Conscience & Fanaticism: An Essay on Moral Values

Robert McBride, 1919 - 112 ˹

Դ繨ҡ - ¹Ԩó

辺Ԩó 觢ŷ

Ѻ - ٷ


˹ 22 - The creed which accepts as the foundation of morals, Utility, or the Greatest Happiness Principle, holds that actions are right in proportion as they tend to promote happiness, wrong as they tend to produce the reverse of happiness.
˹ 21 - The great majority of good actions are intended not for the benefit of the world, but for that of individuals, of which the good of the world is made up; and the thoughts of the most virtuous man need not on these occasions travel beyond the particular persons concerned, except so far as is necessary to assure himself that in benefiting them he is not violating the rights, that is, the legitimate and authorised expectations, of any one else.
˹ 37 - I have nothing to do ; but this it is needful for my purpose to say, that if the religion of the present differs from that of the past, it is because the theology of the present has become more scientific than that of the past; because it has not only renounced idols of wood and idols of stone, but begins to see the necessity of breaking in pieces the idols built up of books and traditions and finespun ecclesiastical cobwebs...
˹ 56 - Perhaps no person can be a poet, or can even enjoy poetry, without a certain unsoundness of mind, if anything which gives so much pleasure ought to be called unsoundness.
˹ 21 - They say it is exacting too much to require that people shall always act from the inducement of promoting the general interests of society. But this is to mistake the very meaning of a standard of morals, and confound the rule of action with the motive of it.
˹ 70 - ... talking Latin, Greek, and Hebrew. Whole sheets of her ravings were written out, and found to consist of sentences intelligible in themselves, but having slight connection with each other. Of her Hebrew sayings, only a few could be traced to the Bible, and most seemed to be in the Rabbinical dialect. All trick was out of the question ; the woman was a simple creature ; there was no doubt as to the fever.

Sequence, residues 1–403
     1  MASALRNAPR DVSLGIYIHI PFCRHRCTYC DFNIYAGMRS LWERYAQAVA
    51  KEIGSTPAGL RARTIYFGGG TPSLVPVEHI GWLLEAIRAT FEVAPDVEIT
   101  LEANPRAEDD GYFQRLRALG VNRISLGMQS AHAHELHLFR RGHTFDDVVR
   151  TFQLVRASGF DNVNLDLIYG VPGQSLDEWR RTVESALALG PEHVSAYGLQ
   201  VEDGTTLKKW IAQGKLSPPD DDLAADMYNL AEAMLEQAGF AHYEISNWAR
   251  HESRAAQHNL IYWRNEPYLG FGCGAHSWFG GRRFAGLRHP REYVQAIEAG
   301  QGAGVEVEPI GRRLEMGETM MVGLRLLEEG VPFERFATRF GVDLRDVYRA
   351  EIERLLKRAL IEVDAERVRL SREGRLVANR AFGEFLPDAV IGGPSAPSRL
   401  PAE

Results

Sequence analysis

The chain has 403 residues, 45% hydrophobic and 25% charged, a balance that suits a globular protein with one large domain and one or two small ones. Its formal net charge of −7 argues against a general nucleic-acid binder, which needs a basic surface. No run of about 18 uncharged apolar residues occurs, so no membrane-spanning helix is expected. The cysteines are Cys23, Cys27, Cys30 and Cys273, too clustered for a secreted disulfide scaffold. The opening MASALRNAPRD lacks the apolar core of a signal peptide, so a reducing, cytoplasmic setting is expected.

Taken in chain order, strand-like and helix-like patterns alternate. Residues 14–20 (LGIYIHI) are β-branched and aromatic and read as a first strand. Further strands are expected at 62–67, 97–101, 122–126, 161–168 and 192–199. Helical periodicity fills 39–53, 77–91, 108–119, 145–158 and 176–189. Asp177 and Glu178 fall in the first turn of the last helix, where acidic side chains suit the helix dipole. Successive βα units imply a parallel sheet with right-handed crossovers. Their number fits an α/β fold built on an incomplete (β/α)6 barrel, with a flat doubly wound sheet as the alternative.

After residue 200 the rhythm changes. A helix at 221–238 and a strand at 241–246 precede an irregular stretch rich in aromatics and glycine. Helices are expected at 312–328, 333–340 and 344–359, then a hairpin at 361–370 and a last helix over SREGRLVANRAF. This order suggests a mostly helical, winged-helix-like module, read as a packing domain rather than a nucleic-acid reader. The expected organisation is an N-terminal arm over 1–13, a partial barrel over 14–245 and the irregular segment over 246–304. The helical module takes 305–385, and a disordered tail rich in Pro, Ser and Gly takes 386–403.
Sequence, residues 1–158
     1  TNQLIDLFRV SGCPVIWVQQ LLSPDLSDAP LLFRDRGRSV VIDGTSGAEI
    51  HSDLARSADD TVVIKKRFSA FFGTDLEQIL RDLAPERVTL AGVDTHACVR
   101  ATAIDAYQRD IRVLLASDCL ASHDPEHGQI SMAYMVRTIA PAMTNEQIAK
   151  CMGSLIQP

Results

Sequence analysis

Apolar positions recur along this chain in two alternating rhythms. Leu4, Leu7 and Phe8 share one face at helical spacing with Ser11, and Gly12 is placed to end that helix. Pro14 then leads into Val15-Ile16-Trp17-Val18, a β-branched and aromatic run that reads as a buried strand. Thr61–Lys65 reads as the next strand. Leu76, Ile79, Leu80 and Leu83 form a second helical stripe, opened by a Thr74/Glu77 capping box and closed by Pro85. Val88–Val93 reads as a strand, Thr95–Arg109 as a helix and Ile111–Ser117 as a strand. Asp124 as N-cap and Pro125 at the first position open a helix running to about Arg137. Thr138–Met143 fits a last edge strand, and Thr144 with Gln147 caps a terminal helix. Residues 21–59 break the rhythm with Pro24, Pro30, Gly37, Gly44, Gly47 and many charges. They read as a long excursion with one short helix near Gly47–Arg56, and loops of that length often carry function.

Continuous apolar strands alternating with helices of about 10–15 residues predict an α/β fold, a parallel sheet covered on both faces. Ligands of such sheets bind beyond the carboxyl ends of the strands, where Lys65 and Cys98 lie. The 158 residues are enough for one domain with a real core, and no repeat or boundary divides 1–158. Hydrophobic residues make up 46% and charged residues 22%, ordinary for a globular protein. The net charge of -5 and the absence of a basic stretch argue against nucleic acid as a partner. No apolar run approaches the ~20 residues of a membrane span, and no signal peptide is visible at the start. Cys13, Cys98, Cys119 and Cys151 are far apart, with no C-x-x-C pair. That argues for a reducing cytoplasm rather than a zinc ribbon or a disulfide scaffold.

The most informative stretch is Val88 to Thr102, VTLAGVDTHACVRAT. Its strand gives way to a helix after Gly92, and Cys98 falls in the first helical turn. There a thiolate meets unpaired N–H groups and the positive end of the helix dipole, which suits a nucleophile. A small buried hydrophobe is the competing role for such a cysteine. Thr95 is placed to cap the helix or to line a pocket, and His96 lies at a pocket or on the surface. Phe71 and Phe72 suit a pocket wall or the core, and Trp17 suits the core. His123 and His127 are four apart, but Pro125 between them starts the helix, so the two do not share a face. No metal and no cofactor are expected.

˹ 87 - A principal fruit of friendship is the ease and discharge of the fulness and swellings of the heart, which passions of all kinds do cause and induce. We know diseases of stoppings and suffocations are the most dangerous in the body ; and it is not much otherwise in the mind...
˹ 25 - It is a part of the notion of Duty in every one of its forms, that a person may rightfully be compelled to fulfil it. Duty is a thing which may be exacted from a person, as one exacts a debt.
˹ 22 - The utilitarian morality does recognize in human beings the power of sacrificing their own greatest good for the good of others. It only refuses to admit that the sacrifice is itself a good. A sacrifice which does not increase or tend to increase the sum total of happiness, it considers as wasted.
˹ 22 - I grant that they are, notwithstanding, of opinion that in the long run the best proof of a good character is good actions; and resolutely refuse to consider any mental disposition as good of which the predominant tendency is to produce bad conduct.